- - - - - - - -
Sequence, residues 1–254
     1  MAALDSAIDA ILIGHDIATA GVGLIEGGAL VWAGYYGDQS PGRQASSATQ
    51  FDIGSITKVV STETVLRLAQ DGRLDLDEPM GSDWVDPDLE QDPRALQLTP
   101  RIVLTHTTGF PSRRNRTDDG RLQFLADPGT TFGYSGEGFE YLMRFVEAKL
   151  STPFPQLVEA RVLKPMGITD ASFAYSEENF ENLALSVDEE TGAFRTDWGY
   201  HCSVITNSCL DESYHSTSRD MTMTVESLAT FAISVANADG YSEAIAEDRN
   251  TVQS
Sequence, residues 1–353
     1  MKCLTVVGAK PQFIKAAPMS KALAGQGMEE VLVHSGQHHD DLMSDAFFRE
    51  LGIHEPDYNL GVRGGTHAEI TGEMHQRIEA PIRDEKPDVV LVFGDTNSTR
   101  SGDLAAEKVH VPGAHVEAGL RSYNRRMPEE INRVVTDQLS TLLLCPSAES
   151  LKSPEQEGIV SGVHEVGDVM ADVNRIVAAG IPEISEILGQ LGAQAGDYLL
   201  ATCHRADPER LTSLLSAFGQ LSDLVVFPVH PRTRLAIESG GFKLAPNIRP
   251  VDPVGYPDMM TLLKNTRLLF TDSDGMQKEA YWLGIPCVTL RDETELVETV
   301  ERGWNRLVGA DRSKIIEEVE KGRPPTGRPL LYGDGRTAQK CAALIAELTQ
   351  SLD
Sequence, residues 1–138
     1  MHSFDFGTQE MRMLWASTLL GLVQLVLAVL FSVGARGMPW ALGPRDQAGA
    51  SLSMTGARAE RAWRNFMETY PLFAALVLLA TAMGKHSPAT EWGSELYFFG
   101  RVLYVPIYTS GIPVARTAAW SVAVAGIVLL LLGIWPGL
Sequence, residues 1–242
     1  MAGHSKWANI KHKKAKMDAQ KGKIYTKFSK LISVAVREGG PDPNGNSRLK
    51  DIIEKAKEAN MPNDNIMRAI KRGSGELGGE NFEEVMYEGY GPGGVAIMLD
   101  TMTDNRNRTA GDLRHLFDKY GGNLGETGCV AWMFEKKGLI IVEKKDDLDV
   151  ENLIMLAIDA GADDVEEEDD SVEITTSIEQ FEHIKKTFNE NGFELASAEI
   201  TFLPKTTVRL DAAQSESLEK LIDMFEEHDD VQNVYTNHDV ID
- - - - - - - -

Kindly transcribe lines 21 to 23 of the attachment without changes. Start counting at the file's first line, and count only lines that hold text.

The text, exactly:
Sequence, residues 1–242
     1  MAGHSKWANI KHKKAKMDAQ KGKIYTKFSK LISVAVREGG PDPNGNSRLK
    51  DIIEKAKEAN MPNDNIMRAI KRGSGELGGE NFEEVMYEGY GPGGVAIMLD